To ring in the New Year, CNBC Select is posting a new money challenge each day for the first week of 2021. Think of these tasks as your financial deep clean, based on expert advice, to help you align your money choices with what you care about most. These are simple tasks, but they do require a commitment. Are you in?
This is day six of seven.
If you've been following our 2021 money challenge since day one, you should have already calculated your net worth, planned your budget and mapped out your emergency savings. If you have discretionary income left over after meeting all of your needs, you could be ready to invest. But you might also want to start thinking about your 2021 charitable donations and how to align your everyday spending with your values.
While November and December are the most popular months for charitable giving, it's not too early to think about how much you want to donate this year to causes and organizations.
According to Mint, more consumers created savings goals for charitable donations in 2020 than in years past, peaking in May and June amid Black Lives Matter protests and increased national conversation about racism and inequality.
Individuals are finding ways to prioritize spending on causes they care about. Ahead, CNBC Select spoke with Mint financial planner Brittney Castro, CFP on how to make sure you can financially support the issues you care about this year.
If you want your money to make an impact this year, simply making a New Year's resolution to save more for charity "just won't cut it," says Castro, especially if you want to prioritize lasting change.
Consider these methods and decide which one works best for your budget:
"Set specific goals to support causes important to you," says Castro. That could include "setting up recurring donations to a food pantry, community organization or bail funds."
Even $5 or $10 per month will make a difference. Many organizations allow you to set up recurring donations online — simply input your credit card or debit card info and check the box to automate a monthly charge. (Keep in mind that credit card processing fees may apply.)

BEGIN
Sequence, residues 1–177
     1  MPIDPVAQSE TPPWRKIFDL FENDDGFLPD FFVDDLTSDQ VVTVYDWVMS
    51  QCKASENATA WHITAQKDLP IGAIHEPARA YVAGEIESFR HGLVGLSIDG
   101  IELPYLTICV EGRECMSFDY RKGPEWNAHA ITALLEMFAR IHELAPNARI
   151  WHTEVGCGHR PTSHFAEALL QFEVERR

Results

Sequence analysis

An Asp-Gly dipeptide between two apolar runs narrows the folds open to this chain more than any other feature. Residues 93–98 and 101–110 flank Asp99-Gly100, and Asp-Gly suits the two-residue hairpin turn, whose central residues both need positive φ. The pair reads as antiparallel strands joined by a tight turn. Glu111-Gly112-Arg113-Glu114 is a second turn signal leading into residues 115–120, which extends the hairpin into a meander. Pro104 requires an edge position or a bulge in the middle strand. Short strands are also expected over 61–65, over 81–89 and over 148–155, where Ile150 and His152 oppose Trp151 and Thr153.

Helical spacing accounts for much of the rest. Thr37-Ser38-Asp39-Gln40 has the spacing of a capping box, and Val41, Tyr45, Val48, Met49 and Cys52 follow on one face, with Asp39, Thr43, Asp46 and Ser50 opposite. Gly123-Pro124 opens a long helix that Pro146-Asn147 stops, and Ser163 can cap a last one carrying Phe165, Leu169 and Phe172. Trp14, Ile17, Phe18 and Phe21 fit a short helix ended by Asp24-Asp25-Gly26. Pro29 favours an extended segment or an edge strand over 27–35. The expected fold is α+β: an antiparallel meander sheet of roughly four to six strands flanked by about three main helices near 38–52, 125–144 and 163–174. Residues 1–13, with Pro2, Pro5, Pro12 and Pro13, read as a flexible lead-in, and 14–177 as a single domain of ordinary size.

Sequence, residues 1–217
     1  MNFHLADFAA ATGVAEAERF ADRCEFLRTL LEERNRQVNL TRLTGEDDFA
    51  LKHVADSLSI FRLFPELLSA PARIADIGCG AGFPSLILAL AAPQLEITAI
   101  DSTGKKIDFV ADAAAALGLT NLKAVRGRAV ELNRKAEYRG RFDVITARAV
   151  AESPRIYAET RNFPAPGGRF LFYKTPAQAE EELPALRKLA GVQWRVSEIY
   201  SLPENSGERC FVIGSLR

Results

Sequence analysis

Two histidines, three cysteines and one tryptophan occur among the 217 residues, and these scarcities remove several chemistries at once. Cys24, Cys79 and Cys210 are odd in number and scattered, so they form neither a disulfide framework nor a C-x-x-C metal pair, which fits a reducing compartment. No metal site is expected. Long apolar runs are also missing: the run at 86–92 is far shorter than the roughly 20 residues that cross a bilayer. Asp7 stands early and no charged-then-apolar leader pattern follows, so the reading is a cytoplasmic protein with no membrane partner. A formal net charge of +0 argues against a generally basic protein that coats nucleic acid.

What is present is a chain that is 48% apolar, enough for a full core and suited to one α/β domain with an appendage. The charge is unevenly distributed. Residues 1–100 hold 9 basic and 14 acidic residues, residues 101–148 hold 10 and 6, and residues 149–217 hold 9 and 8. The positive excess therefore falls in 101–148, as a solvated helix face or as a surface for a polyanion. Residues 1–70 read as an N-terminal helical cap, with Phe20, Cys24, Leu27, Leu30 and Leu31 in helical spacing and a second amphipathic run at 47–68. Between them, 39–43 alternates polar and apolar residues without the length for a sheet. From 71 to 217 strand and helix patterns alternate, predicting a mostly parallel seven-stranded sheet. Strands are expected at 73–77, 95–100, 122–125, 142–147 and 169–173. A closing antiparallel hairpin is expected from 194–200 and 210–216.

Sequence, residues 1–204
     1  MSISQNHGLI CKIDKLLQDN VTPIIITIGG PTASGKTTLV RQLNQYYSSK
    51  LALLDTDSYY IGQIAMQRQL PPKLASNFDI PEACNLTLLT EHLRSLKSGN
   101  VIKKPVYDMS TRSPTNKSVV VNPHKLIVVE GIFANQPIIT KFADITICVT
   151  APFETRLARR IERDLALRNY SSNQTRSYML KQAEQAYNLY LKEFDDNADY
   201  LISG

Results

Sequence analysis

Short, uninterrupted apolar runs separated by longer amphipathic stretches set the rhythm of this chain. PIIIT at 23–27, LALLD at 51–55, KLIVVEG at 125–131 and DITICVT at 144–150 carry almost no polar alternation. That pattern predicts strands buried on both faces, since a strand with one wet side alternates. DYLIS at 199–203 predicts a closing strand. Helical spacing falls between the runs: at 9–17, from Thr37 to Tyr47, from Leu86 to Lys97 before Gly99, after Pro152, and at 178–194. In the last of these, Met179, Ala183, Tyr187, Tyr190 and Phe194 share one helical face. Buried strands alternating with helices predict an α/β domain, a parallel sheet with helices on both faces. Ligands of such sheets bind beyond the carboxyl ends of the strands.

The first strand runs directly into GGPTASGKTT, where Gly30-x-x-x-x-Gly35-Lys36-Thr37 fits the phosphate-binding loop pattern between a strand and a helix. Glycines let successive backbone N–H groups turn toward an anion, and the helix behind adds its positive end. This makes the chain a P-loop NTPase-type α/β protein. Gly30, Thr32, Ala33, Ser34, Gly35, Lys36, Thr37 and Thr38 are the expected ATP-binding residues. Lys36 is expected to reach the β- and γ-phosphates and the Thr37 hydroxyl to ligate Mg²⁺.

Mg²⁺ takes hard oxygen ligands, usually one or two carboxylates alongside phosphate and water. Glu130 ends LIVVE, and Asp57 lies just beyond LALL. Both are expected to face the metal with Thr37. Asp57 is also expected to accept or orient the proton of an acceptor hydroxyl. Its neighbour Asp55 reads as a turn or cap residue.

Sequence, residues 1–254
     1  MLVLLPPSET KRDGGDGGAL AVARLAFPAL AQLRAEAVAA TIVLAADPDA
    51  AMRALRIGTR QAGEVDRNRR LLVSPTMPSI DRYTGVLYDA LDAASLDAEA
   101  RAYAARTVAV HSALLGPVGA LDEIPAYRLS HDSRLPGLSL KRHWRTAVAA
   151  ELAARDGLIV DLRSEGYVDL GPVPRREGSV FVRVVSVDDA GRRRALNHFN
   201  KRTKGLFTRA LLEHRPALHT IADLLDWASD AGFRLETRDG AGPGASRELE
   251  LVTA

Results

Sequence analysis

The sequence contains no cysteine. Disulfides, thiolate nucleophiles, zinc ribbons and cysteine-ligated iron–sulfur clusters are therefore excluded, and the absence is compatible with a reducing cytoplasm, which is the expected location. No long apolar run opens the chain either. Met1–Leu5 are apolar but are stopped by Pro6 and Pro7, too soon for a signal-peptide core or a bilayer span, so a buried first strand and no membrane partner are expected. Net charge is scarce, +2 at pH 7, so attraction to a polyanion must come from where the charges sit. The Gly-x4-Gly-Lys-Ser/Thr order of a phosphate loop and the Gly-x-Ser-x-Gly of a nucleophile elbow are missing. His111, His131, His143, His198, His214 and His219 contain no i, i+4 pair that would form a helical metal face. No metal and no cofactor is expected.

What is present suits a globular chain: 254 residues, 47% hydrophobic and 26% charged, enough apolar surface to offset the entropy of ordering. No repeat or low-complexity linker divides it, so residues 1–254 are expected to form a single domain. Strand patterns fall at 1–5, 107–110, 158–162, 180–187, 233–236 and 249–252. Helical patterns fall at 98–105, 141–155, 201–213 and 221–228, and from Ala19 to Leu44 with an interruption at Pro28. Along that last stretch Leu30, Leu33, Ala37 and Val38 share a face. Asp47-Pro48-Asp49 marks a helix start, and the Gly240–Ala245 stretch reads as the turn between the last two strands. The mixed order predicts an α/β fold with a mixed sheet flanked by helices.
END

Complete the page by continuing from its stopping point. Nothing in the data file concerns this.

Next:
Many big employers offer donation matching as part of the company's benefit package.
Gift matching is one of the easiest ways to double your donation. And you can almost think of this match as part of your annual compensation package.
Ask your HR representative if your company offers this perk and what you need to do to have your donations matched. If they match up to a certain amount each year (say $500), see if you can reasonably meet that match (or at least a portion of it).
Select card issuers will let you redeem rewards as donations to partner charities and nonprofit organizations. Log in to your card's online rewards account and navigate to 'charity redemptions' or a similar link.
If you have a card that earns Membership Rewards® points, like the American Express® Gold Card, you can donate to more than 1.5 million registered U.S. nonprofit organizations thanks to Amex’s partnership with JustGiving.
With Discover's charitable giving program, cardmembers can donate their Cashback Bonus® rewards to a variety of organizations including the American Red Cross. To donate, call 1-800-DISCOVER or donate online through your Discover Card Account Center. If you have the Discover it® chrome, for example, you could donate to coronavirus relief efforts.
Airline miles and hotel points
At least 12 airline and/or hotel credit cards also provide ways to donate rewards. Check out our guide to donating credit card rewards to learn how.
If money is tight, but you've got time to spare, consider volunteering for an organization you care about. Your interactions might be virtual to comply with coronavirus precautions, but organizations still need people to assist. Remote work might involve helping with newsletters and communication, coordinating donation drop-offs, tutoring, mentoring, card-making, reading books to patients and even sewing. Inventory your skills and decide on a realistic time commitment.
"Prioritize spending with greater impact," Castro advises, noting that where you shop is just as important as where you donate.
"Whether it's a focus on shopping local or purchasing from companies with missions you believe in, this past year reaffirmed how valuable the dollar is."
To stay motivated, look at your spending from step two. Add up how much you spent at big stores in 2020, and consider the benefit of investing those dollars in small and local businesses instead.
Consider shopping at your local mom-and-pop store before you click "buy now" on Amazon. That goes for clothes, electronics, beauty products and more. Check your local Facebook community groups to learn which businesses are still open and how they are operating now that more commerce is online.
It may take a little Googling, but you can most likely find a small-biz alternative to Amazon and/or mega retailers for most products.
Don't try to be perfect; starting with (and sticking to) a few household purchases is enough to put you on track. Keep going once the habit is ingrained.
If you're environmentally conscious, shop for clothing and other vintage and second-hand goods on eBay and other resale sites.
For household products like pantry and cleaning supplies, check out Thrive Market's $5-per-month memberships that grant access to over 6,000 sustainable and organic products at a reduced cost.
For makeup and skincare, consider BLK + GRN, an all-natural self-care marketplace by all Black artisans.
The year ahead is bound to bring more change, but we can all chip in to help. Don't forget to plan your charitable gifts for 2021 and consider ways to align your dollars and your values.
This is day six in CNBC Select's 7 Day Money Challenge.
For rates and fees of the Discover it® chrome, click here.